Back in 1980/81, A.R.R. Sheppard published a little inscription (from near Kotiaion) involving Holiness and Justice, two personifications that were commonly honoured in certain areas of Phrygia and Lydia (“Pagan Cults of Angels in Roman Asia Minor,” Talanta 12-13 [1980-81]: 77-101 = SEG 31 1130).  The more exciting element in the inscription was the apparent reference to non-Christians or non-Judeans who devoted themselves in some way to “angels”, which was based on Sheppard’s reading: ΦΙΛΑΝΓΕΛΩΝ (“Friends-of-angels”).  Sheppard’s translation of the inscription was as follows:

Aur(elius) … the Association of Friends of the Angels (made) a vow to Holiness and Justice”.

Sheppard suggested that this involved “pagans” who had some contact with the Jewish notion of angels.  Sheppard’s reading of the inscription was also discussed in New Documents Illustrating Early Christianity, vol. 6, number 31.

This idea that there were “pagans” devoted to divine messengers or “angels” then became background for some New Testament scholars who were sorting out the “philosophy” combated by the author of Colossians (2:8-23), particularly the reference to the “worship of angels” (2:18).  Clinton Arnold’s theory regarding the opponents of Colossians, for instance, drew attention to the importance of angels in Asia Minor not only among diaspora Judeans but also among pagans, such that we could speak of a common folk practice in this region.  He suggested that the opponents were practicing the (magical) invocation of angels for protection and that this reflected both the Judean and pagan devotion to angels in Asia Minor specifically (see Clinton Arnold, The Colossian Syncretism: The Interface between Christianity and Folk Belief at Colossae [Grand Rapids: Baker, 1996]).

However, Malay’s recent study of this particular inscription has shown that Sheppard likely misread a key letter here (what a difference one letter can make).  What Sheppard read as a “gamma”, Malay now says is surely a “pi”, which leaves us with ΦΙΛΑΝΠΙΛΟΙ, “Friends-of-the-vine” or “Vine-lovers”, and no angels at all in this inscription.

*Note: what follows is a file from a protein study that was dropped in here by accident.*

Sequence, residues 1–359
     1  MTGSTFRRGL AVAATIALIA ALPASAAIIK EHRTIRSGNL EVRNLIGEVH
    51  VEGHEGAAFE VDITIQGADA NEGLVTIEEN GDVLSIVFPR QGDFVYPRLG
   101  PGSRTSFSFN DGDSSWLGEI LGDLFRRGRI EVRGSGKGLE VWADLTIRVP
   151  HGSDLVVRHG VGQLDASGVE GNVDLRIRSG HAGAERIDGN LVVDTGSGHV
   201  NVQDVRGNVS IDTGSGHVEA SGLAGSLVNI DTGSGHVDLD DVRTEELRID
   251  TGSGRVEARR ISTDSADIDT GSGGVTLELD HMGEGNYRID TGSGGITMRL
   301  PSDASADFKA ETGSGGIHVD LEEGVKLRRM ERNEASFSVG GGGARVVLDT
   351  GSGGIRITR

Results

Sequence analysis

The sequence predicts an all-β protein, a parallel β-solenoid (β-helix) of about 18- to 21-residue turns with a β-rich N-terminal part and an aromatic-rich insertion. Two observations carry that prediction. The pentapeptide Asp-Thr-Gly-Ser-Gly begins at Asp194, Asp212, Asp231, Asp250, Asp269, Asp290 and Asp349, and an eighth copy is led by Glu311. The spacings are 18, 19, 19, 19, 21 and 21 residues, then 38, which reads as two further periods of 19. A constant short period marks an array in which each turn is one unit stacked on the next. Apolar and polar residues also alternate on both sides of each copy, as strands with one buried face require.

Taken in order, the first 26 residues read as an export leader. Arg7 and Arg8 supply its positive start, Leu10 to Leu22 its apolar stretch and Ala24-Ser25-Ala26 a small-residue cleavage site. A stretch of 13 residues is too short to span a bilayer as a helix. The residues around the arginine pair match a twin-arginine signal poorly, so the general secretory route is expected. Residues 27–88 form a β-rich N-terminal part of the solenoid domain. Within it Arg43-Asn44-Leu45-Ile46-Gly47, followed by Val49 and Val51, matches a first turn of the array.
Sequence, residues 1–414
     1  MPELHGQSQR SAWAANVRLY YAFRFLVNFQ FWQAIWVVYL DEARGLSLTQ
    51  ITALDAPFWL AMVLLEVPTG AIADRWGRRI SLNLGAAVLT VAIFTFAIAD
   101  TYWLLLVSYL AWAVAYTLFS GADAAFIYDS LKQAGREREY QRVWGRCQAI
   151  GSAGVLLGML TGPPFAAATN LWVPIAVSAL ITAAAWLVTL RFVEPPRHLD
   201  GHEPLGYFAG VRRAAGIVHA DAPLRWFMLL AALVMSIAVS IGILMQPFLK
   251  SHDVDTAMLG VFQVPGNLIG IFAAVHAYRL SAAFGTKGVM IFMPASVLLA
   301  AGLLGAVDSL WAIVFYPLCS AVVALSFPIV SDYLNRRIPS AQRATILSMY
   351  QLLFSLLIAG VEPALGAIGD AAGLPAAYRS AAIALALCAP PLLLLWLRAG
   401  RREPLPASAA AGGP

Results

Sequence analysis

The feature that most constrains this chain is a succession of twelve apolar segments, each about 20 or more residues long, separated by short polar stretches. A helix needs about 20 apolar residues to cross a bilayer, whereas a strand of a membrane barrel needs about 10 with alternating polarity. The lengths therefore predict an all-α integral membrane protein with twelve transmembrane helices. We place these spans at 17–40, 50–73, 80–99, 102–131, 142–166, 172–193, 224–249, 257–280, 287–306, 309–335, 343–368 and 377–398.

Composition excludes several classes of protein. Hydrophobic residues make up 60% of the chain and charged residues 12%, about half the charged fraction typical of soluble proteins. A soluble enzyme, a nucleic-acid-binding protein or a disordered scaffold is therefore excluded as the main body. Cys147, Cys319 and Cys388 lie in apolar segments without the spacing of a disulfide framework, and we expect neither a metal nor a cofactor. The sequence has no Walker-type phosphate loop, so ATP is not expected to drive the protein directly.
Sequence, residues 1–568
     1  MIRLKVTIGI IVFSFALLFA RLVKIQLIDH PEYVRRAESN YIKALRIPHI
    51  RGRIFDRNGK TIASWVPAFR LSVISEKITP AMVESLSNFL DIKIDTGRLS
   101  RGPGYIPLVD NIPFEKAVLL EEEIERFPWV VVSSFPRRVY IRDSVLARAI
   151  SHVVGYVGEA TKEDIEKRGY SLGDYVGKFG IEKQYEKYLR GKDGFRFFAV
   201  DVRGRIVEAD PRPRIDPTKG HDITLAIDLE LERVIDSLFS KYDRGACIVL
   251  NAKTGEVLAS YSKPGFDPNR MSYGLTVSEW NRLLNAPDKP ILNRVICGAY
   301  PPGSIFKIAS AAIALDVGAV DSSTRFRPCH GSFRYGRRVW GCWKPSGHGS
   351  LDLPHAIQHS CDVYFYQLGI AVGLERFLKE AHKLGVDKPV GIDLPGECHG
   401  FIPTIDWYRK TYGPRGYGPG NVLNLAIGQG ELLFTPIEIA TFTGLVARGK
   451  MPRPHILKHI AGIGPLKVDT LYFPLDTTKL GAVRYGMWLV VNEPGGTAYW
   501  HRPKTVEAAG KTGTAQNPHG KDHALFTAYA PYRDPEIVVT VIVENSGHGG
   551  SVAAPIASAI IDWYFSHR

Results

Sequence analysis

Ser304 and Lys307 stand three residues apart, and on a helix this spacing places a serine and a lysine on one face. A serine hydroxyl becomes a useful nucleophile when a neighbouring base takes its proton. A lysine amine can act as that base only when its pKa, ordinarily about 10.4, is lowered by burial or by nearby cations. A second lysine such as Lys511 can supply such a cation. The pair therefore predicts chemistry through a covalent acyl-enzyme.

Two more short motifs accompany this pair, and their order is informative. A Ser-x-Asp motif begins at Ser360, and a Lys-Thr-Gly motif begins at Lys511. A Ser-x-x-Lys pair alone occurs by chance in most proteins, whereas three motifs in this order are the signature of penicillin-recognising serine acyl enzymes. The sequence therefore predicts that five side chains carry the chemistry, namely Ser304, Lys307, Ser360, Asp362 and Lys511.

Malay publishes another inscription which confirms the existence of associations devoted to the vine, in other words relating to wine production and/or consumption, in the same region (in this case from nearby Katakekaumene, now in the Manisa Museum, dating 161/2 CE):

“To the Good Fortune! In the year 192, on the fourth day of the month Peritios, New Lovers of Vine (φιλάνπιλοι) set this up as a vow to Mother Leto on account of their own salvation.

The meeting of the association of friend-of-angels is apparently canceled.

Associations of Immigrants: Thracians and the goddess Bendis near Athens

As I have mentioned, I am presently writing an article on immigrants and immigrant associations in the Greco-Roman world. My primary focus now is on comparing Judean (Jewish) synagogues in the dispersion with other immigrants from the Levant (east of the Mediterranean) who likewise formed associations, especially Syrians or Phoenicians.

Jews were by no means the only group of immigrants who gathered together regularly in associations and maintained important connections with the culture and religion of their homeland. I will save the Syrians for future posts, but thought I’d mention one of our earliest attested cases of a group of immigrants who formed an association devoted to the deity of their homeland: the Thracians devoted to the goddess Bendis near Athens, Greece, in the Piraeus.

Thracian Goddess Bendis with devotees

Votive relief depicting the Thracian goddess Bendis with a number of torch-race victors approaching their goddess (c. 400-350 BCE, now in the British Museum, photo by Phil)

We know very little about the goddess Bendis herself, who is often (as here) depicted in Thracian hunting gear (and with affinities to Artemis the huntress). At the Piraeus there were at least two associations devoted to her, one of them for immigrants from Thracia (north of Macedonia) specifically and the other for citizens of the city. We first catch a glimpse of a group of Thracians requesting and gaining permission from Athens (which controlled the port city of Piraeus) to set up a temple for their goddess somewhere between 434 and 411 BCE.